John Kannenberg

New curatorial project »
The Museum of Portable Sound
The Museum of Portable Sound awaiting its ribbon cutting at the Grand Opening Gala

On 11 November 2015, The Museum of Portable Sound celebrated its Grand Opening Gala as part of Points of Listening at the London College of Communication. The packed-house event included a speech by Director and Chief Curator John Kannenberg, a ribbon cutting ceremony, and a private tour of the Museum's galleries by the Director. Located in London, The Museum of Portable Sound is dedicated to the collection, preservation, and exhibition of cultural artifacts related to the history of sound. With a specific focus on portability, digital initiatives, and community engagement, it brings the culture of sound to the public – one listener at a time.

Recent Projects »

Why Listen to Museums? A talk at the National Gallery, London

At the National Gallery's Soundscapes Late event on 4 September 2015, I gave a gallery talk and Q&A dealing with the sonic experience of museums, psithurism, making sound maps, listening to narrative paintings, goofing off in Tate Modern, and what to do when confronted by soldiers with rifles while trying to sneak an audio recorder into the Egyptian Museum in Cairo.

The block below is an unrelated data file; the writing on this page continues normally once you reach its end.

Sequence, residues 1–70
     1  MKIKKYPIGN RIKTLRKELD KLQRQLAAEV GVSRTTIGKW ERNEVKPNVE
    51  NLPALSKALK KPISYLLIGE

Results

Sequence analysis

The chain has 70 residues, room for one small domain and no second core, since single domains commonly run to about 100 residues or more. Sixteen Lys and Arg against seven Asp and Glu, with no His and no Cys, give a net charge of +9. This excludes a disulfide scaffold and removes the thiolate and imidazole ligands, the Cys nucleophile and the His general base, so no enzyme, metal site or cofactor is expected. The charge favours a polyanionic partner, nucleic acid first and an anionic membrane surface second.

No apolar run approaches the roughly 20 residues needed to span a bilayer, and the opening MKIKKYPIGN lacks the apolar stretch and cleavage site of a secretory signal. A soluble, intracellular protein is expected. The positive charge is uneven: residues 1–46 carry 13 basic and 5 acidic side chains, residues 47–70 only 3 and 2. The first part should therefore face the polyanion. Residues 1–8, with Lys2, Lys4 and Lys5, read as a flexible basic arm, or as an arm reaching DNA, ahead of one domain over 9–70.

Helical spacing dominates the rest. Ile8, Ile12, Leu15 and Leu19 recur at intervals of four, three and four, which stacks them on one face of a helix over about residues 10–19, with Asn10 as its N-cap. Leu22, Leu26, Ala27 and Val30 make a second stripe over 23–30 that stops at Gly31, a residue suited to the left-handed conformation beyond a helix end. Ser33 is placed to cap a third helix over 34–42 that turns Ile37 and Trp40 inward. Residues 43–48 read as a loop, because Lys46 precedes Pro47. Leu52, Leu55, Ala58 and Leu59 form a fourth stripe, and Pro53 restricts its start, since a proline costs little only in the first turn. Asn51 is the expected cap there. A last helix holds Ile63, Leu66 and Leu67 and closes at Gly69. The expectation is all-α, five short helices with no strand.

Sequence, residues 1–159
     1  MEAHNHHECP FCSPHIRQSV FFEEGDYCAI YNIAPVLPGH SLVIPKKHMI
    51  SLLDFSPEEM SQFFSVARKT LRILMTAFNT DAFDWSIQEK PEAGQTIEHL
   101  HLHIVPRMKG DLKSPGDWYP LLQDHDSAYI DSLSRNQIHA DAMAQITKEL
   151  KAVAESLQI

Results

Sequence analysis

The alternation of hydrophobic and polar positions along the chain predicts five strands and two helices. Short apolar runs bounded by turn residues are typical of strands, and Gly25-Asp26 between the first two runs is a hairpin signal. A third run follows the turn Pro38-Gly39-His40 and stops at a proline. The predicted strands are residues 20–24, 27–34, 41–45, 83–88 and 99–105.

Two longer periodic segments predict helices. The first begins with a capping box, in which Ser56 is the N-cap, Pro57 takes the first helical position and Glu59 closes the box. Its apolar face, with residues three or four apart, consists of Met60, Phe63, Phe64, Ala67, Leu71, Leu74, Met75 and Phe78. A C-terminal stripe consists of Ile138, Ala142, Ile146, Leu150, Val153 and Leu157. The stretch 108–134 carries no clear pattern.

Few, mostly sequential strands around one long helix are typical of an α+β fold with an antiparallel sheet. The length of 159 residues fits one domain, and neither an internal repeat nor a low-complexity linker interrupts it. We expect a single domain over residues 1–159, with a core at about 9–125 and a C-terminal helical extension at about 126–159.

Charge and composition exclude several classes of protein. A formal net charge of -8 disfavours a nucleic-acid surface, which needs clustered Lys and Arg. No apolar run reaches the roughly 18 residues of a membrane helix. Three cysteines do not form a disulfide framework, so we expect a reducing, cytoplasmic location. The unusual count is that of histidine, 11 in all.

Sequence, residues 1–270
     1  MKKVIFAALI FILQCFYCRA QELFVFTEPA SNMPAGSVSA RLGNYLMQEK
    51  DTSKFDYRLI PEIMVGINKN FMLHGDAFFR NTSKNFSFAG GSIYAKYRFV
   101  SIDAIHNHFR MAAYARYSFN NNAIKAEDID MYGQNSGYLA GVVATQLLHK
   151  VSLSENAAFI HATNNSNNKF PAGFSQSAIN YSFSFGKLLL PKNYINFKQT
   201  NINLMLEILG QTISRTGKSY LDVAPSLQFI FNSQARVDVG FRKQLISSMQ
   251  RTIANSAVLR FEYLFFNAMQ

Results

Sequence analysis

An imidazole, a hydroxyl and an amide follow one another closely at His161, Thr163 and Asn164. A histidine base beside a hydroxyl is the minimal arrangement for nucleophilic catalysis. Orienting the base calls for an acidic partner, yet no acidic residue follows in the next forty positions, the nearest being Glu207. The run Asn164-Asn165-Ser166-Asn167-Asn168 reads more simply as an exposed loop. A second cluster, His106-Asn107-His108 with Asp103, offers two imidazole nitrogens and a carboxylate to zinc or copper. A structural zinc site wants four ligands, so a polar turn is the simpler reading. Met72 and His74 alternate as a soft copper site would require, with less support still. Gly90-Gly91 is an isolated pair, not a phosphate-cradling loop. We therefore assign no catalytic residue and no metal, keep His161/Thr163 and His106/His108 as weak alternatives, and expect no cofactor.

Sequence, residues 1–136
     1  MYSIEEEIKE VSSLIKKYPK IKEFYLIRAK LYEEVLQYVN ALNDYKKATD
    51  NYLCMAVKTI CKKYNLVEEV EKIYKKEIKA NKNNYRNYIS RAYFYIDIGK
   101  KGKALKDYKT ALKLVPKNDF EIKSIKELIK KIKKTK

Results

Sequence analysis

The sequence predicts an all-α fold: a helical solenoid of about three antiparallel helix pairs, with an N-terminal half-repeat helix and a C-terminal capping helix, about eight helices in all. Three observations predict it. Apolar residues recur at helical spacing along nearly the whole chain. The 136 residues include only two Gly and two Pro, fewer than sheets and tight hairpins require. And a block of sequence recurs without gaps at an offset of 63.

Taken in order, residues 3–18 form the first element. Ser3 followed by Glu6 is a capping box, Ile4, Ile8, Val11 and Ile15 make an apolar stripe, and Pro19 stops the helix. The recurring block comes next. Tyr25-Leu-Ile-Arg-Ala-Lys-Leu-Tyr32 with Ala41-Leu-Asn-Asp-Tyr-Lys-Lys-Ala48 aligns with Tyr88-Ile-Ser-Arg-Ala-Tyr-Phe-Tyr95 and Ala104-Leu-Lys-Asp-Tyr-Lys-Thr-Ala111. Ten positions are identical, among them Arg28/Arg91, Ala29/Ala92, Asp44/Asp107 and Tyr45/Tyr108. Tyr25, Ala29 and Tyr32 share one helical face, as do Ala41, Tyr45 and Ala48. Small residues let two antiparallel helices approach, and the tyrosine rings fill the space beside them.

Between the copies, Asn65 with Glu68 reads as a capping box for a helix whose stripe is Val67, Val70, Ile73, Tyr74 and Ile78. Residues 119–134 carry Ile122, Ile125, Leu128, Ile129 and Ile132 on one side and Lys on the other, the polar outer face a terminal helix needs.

Cordolium is a collection of non-verbal laments for the heart in flux, weaving together edited and processed field recordings from around the world to create abstracted audio poems of love, loss, longing, and heartache in all its forms – emotional, intellectual, physical – and dedicated to the faint of heart. The photographs in the accompanying digital booklet add another layer to the stories embedded within the sounds.

Hours of Infinity

Commission a Drawing

Hours of Infinity is an ongoing series of projects that debuted at the Kelsey Museum of Archaeology and the Work Gallery in Ann Arbor, Michigan. Two gallery exhibitions, One Hundred Hours of Infinity and Twelve Hours of Infinity: Amduat displayed the output of a deceptively simple, rigorously imprecise drawing method – on the floor with a pencil attached to fishing line – that metaphorically represents the imperfection embedded within the human experience of the infinite.

The complementary installation/performance event An Hour of Infinity featured the simultaneous display of eight live drawing performers, two surround sound installations, and two graphic score musical performances throughout the Kelsey Museum galleries.